Stress of storm hits Katrina evacuees

An estimated 500,000 hurricane survivors are in need of some form of counseling


NEW ORLEANS -- Dispersed across the nation, survivors of Hurricane Katrina are suffering such severe psychological distress that the federal government has launched the broadest - and probably the most costly - counseling program in the nation's history.

An estimated 500,000 people need some form of mental health service, which could include treatment for post-traumatic stress, substance abuse counseling, anti-anxiety medication and art therapy for children too young to talk out their grief.

The federal government has allocated $141 million to serve evacuees scattered among at least two dozen states, said Seth Hassett, who directs the emergency response unit of the federal Substance Abuse and Mental Health Services Administration.

Officials are negotiating a separate grant for Louisiana; it could be as high as $70 million. That would bump the total cost of hurricane counseling well above the $178 million appropriated for the mental health needs of victims of the Sept. 11 terrorist attacks.

Cost aside, the Katrina response is proving to be the agency's toughest challenge ever, Hassett said.

In New Orleans, even people trained to offer solace break down easily and often: A hospital nurse, a school psychologist, a paramedic, a counselor all lose composure as they talk about Katrina.

"The truth is, we are not OK. We are so definitely not OK," said Burke Beyer, 31, who leads a federally funded team of counselors in New Orleans.

Experts recognized from the start that Katrina would be traumatic. The storm killed more than 1,300 people, submerged 80 percent of New Orleans, flattened neighborhoods, and forced friends and relatives apart. But the full scope of the mental health crisis is emerging now.

The half-year mark should be a milestone; many residents expected recovery to be well under way. Instead, their lives are still a mess, their city is still in ruins, and they can see no end to the chaos.

Federal officials estimate that 25 percent to 30 percent of hurricane survivors in hard-hit cities such as New Orleans will suffer what is defined as "clinically significant" mental health problems. An additional 10 percent to 20 percent need psychological help but aren't classified as clinically ill.

Lyn Shraberg, who directs the nonprofit Cope Line in New Orleans, hears the strain in call after call. Before the storm, her counselors handled at most three suicidal or severely depressed callers a day. Now, they get 12 to 14 a day.

Nationally, calls to the National Suicide Prevention Hotline are up 60 percent since Katrina.

Adding to the unease, hurricane season is approaching. Yet it feels as though Katrina has just blown out of town. The streets are still strewn with the moldering remnants of upturned lives: a red teddy bear, a striped blouse, a half-used jar of poultry seasoning. The Red Cross still sends vans through the streets with free food.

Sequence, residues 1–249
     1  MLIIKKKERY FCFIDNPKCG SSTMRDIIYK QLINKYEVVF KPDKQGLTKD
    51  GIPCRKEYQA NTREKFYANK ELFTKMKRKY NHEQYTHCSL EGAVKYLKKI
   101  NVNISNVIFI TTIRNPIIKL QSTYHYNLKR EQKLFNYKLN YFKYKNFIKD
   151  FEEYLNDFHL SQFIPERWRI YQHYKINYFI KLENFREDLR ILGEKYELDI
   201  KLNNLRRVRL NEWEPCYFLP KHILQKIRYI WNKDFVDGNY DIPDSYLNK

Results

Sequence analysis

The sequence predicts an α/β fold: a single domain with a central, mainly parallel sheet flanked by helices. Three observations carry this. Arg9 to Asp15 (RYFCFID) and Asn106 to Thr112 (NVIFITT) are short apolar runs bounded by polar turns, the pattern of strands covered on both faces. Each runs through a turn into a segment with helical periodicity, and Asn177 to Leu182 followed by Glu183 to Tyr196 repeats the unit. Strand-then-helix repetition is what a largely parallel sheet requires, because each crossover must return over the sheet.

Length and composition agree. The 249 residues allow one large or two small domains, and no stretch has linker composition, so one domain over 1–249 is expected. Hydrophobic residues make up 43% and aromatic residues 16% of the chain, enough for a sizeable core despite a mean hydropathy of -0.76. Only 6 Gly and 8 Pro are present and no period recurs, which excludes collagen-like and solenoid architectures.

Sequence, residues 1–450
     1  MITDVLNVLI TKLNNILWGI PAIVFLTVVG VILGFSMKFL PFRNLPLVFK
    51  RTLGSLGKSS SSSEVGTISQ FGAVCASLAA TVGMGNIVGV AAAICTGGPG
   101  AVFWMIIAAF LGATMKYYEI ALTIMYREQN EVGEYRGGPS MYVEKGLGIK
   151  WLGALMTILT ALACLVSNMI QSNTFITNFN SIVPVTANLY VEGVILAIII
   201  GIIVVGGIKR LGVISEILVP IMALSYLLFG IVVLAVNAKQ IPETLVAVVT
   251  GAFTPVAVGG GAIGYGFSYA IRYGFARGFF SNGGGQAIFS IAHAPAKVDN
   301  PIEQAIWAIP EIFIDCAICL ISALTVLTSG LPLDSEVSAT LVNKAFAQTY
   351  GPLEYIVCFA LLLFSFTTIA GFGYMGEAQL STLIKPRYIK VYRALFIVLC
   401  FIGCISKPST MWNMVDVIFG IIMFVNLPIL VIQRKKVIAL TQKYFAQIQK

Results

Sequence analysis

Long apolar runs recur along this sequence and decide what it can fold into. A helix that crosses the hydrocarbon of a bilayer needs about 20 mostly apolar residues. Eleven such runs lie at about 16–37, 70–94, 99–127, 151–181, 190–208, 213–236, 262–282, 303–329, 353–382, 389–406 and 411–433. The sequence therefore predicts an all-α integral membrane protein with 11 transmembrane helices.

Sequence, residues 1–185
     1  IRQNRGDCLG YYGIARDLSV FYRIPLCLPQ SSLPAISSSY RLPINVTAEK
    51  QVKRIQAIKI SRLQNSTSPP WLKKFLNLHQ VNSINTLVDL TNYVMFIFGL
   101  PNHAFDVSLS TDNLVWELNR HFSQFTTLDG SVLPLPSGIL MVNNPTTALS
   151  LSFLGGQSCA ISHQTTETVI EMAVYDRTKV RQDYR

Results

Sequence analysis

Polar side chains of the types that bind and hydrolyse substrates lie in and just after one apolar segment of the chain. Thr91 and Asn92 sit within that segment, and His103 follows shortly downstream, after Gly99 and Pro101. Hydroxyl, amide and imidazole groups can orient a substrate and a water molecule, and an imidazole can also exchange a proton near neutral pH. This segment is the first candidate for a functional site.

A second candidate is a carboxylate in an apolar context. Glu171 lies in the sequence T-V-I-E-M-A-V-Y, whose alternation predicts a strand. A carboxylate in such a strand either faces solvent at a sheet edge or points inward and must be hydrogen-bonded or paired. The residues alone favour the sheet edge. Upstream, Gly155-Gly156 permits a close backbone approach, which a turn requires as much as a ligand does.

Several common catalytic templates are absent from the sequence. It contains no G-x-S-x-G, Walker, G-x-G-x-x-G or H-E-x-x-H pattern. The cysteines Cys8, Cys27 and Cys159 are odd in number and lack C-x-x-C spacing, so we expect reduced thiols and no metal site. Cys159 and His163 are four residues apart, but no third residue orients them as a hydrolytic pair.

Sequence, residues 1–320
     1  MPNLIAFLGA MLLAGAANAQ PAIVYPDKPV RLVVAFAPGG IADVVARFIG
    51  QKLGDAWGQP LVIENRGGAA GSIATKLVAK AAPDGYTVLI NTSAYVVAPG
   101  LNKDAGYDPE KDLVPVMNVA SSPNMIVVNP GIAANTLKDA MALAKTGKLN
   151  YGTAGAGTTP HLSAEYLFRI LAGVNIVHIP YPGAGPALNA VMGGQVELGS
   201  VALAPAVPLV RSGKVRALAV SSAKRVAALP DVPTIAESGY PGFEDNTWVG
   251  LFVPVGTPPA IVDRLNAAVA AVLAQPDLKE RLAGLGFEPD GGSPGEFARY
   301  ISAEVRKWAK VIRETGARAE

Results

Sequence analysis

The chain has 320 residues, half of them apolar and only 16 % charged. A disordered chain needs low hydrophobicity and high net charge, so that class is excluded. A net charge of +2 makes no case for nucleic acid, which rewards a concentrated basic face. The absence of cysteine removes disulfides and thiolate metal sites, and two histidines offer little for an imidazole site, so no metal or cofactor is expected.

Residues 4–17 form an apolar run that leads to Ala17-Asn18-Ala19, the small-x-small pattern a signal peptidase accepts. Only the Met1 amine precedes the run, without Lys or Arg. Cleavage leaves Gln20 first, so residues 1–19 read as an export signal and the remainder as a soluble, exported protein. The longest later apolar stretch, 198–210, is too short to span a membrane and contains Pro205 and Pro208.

"For many people, strange as it may sound, it's still the week after the storm," said Anthony Speier, a psychologist who directs the state's mental health programs for disaster victims. "They have not had a break to regroup, to rebuild resilience."

Professional help is hard to find. Before Katrina, the metropolitan region had about 550 hospital beds devoted to mental health patients. Now there are at most 200, said Joe Eppling, director of behavioral health services at East Jefferson General Hospital.

Much of the region is still thinly populated: Barely 40 percent of New Orleans' population has returned. So in theory the number of hospital beds should be adequate. But mental health crises are so common these days that Eppling has to keep some patients in the emergency room for days before a psychiatric bed opens up.

Even patients who don't need to be admitted to the hospital face long waits for care. Private psychiatrists are booking appointments four to six months out.

To build residents' coping skills, the state has directed its share of federal grants to a program it calls Louisiana Spirit. In the New Orleans region, outreach workers go door to door offering free counseling, distributing self-help guides - and giving plenty of pep talks.

A recent pupil survey at Belle Chasse Primary School in Plaquemines Parish revealed overwhelming anxiety. Asked how they were feeling, kindergarteners drew frowning faces dripping tears. Second- and third-graders wrote down their fears:

"I'm worried that I will never see my family again."

"What will we do? Where will we go?"

Stephanie Simon writes for the Los Angeles Times.

Baltimore Sun Articles
Please note the green-lined linked article text has been applied commercially without any involvement from our newsroom editors, reporters or any other editorial staff.